Take a leaf out of Sainsbury's book (read Sainsbury's to open bee hotel in N21) and take steps to help reverse the decline in bee numbers.


1. Make your garden more bee friendly by planting more bee friendly plants.  Honey bees like wildflowers such as knapweed, ox-eye daisies and sun flowers, which have simple, single flowers, eanbling them to get to the pollen easily, as they have a shorter proboscis than Bubblebees, they can't get the pollen and nectar from tubular plants.


2. Let your lawn grow longer and ignore the clover and daisies because they are an excellent food sourse for bees.


3. Next time you are looking for new shrubs and bushes to plant in the garden, think about Cotoneaster, also hazel, as the catkins of hazel are an important food source for bees in the spring.  Whilst Ivy can be a nuisance, Ivy flowers are important for them in the Autumn, to enable them to build up their resources.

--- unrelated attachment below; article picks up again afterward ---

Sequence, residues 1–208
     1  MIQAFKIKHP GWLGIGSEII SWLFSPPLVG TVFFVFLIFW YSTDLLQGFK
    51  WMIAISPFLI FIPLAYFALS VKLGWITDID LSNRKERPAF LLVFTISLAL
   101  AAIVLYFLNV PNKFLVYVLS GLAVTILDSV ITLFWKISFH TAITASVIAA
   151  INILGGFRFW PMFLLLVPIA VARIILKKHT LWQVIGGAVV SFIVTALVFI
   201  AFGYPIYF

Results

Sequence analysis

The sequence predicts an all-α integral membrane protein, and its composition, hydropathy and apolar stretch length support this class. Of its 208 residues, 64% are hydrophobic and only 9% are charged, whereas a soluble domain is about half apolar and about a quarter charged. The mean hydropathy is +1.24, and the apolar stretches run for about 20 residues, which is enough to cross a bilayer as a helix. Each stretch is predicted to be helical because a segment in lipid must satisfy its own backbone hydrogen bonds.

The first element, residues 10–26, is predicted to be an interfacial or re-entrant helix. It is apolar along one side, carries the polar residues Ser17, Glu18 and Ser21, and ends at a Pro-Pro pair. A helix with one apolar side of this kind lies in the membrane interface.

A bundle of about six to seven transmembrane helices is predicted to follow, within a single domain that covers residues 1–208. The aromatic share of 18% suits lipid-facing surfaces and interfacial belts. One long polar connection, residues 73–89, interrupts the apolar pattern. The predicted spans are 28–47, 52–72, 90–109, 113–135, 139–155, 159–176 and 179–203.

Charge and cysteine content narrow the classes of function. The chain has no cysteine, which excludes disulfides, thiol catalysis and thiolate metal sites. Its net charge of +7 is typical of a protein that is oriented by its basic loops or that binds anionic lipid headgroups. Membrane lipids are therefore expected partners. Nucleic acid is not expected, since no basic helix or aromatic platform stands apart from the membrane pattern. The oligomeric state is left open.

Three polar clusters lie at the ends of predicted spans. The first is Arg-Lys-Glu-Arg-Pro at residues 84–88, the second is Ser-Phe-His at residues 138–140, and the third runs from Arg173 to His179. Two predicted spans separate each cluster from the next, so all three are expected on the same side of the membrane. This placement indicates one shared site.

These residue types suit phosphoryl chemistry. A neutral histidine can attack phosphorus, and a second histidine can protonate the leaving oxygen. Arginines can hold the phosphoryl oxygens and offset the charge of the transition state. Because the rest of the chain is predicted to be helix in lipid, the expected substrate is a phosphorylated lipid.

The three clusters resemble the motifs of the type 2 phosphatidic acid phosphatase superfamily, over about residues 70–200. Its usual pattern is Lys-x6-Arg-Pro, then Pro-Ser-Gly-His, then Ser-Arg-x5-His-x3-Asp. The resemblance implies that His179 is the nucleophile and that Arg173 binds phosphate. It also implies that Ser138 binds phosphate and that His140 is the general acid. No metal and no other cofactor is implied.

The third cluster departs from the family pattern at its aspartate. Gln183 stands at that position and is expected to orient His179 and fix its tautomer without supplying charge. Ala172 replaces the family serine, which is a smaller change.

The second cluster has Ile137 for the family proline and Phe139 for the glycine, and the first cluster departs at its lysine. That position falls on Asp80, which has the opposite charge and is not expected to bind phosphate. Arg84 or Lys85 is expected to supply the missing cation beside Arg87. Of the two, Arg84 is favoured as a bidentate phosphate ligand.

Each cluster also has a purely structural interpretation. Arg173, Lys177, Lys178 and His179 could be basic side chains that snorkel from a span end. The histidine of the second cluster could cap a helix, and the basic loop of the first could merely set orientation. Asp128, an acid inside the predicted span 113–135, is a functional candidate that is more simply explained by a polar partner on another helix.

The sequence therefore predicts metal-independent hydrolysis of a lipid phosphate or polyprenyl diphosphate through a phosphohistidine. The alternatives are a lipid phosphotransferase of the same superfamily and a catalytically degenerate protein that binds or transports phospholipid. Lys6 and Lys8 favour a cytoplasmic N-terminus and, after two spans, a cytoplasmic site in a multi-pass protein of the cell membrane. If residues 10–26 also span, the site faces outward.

4. Bees do make a bee line for certain plants, they have colour preferences. They like blues, mauves, violets, as well as white flowers, because these contain ultra violet which the bees are able to see.  Recommended plants include English Lavender, Salvia Nemerosa, Nepeta Six Hills Giant, Johnson's Blue Cranesbill's Geraniums, Scabious Chile Black, Verbena Bonariensis, Phacelia Tanacetifolia and Cerinthe major Purpurascens.


For a more complete list of plants go to http://www.copellafruitjuices.co.uk/summer-events/copella-bee-garden/
The Copella Bee Garden was a Silver Gilt winner at Hampton Court this year.

                       


5. Herbs are another bee favourite, especially thyme, hyssop, oregano, mint and sage.


6. Support Woodcroft Wildspace's bee-keeping project, more details here

7. Join the growing army of urban bee keepers.  Enfield Beekeepers is a good starting point, they are happy to offer advice to get you started and hold introductory courses and honey tasting sessions. Read their profile on n21online here


http://www.enfieldbeekeepers.org.uk


This email address is being protected from spambots. You need JavaScript enabled to view it.

8. You can buy a bee-keeping starter kit from www.omlet.co.uk